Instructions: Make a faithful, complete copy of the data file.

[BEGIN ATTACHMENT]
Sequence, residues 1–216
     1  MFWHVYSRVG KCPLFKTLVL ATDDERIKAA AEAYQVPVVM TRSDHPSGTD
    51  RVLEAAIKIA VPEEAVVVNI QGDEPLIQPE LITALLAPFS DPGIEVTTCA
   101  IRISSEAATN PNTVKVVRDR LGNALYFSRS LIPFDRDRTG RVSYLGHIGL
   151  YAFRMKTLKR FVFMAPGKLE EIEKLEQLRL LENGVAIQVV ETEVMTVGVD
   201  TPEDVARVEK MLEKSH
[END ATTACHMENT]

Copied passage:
Sequence, residues 1–216
     1  MFWHVYSRVG KCPLFKTLVL ATDDERIKAA AEAYQVPVVM TRSDHPSGTD
    51  RVLEAAIKIA VPEEAVVVNI QGDEPLIQPE LITALLAPFS DPGIEVTTCA
   101  IRISSEAATN PNTVKVVRDR LGNALYFSRS LIPFDRDRTG RVSYLGHIGL
   151  YAFRMKTLKR FVFMAPGKLE EIEKLEQLRL LENGVAIQVV ETEVMTVGVD
   201  TPEDVARVEK MLEKSH